In dealing with written records of the past, the biblical historian must evaluate the testimony he utilizes. Although it is clear that the Bible reports events with a high degree of accuracy, it cannot be assumed that all biblical history is accurate. For example, archaeological research has demonstrated that the city of Ai, reported in Josh. 8 to have been conquered by Joshua, was a heap of ruins centuries before Joshua’s time.2 Each event must be assessed individually. The scholar asks, "How did the writer of this account know of the events he reports? Was he an eye-witness? Did he talk to eye-witnesses, and if so, how long after the event? is he recording an old, written tradition or an oral source?" The further a report is from the event it describes, the greater the possibility of error or interpretation affecting its accuracy. Phrases such as "in those days" or "even to this day" reveal that the writer is conscious of reporting an event long after the time when it was supposed to have occurred.

How did the historian build his records in ancient times? Testimony was gathered from written and oral sources and, by exercising judgment as to the worthiness or appropriateness of the materials, the compiler blended them into a more or less homogeneous, connected narrative. In time, other writers might add to or reinterpret the account, regardless of the fact that the new material might contradict some details of the earlier accounts. The anointing of Saul is reported three times: once as a private ceremony (I Sam. 9:27-10:1) and twice as a public ritual (I Sam. 10:17-24, and 11:15). There are two accounts of the death of the Philistine giant, Goliath. In one, David is the conqueror, killing Goliath with a sling stone (I Sam. 17) ; in the other, Goliath dies at the hand of one of David’s warriors, Elhanan (11 Sam. 21:19). Still later, the writers of the books of Chronicles, who compiled their histories in the fifth century B.C., were troubled by the conflicting records and solved the dilemma by reporting that Elhanan killed Goliath’s brother, Lahmi (I Chron. 20:5).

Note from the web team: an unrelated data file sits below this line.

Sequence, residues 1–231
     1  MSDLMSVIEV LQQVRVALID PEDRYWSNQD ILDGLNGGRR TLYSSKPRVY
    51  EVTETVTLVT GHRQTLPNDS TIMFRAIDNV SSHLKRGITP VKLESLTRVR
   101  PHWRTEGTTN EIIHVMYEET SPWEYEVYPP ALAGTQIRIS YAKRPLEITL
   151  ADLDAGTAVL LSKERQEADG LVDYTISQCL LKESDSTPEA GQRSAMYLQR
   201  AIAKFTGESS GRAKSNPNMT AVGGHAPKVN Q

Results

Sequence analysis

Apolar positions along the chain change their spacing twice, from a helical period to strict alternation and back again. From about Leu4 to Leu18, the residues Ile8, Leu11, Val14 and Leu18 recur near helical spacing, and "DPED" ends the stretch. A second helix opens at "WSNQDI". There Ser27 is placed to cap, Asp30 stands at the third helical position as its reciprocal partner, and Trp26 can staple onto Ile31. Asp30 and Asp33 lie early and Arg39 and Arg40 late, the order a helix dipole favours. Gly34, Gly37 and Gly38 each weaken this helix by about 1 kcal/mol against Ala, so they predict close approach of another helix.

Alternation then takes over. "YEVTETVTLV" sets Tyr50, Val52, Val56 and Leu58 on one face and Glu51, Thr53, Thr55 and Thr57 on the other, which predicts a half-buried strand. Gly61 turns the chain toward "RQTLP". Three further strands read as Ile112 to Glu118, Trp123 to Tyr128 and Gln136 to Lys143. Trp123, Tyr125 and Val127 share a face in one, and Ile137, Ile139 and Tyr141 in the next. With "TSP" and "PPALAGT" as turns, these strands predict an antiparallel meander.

Beyond the establishment of historical fact (the "happenedness" of an event) is the recognition of the point of view of the reporter. Like recorders of other national or religious documents, biblical writers not only selected events and details which best served their purposes, but also reported with national and religious bias. Battles and national events are reported to be under the control of the God of Israel, just as writers in other nations reported victories and conquests as ordained by their gods. For the Hebrew writer, Israel was the chosen people, peculiarly blessed, and written history echoed and reinforced this belief.

The biblical record, therefore, contains more than a listing of happenings and, like other historical writing, interprets data in the light of national and religious convictions. Events did not just happen. Battles were not won through superiority of armaments or numbers, but because the deity was personally involved. History had meaning the fulfillment of promises made to the patriarchs, the development of the holy nation, the blessing that were to come to the chosen nation as the people served and worshipped their God. The nation per se and the people as part of the nation were involved in a divine-human relationship, and it was essential for national welfare that this relationship be recognized and appreciated. To what extent cultic observances made use of this interpretation of history is not fully known, but there can be little doubt that a passage like Dent. 26:5-9 contains a recitation utilized at sanctuaries, reflecting awareness of the relationship of the nation’s history to the deity. "History" in the biblical sense reflects a national setting and relationship to a religious community, a "community of faith" as it has sometimes been called, and thus presents a particularistic interpretation. The events are there, together with the delineation of the meaning of the events for the nation.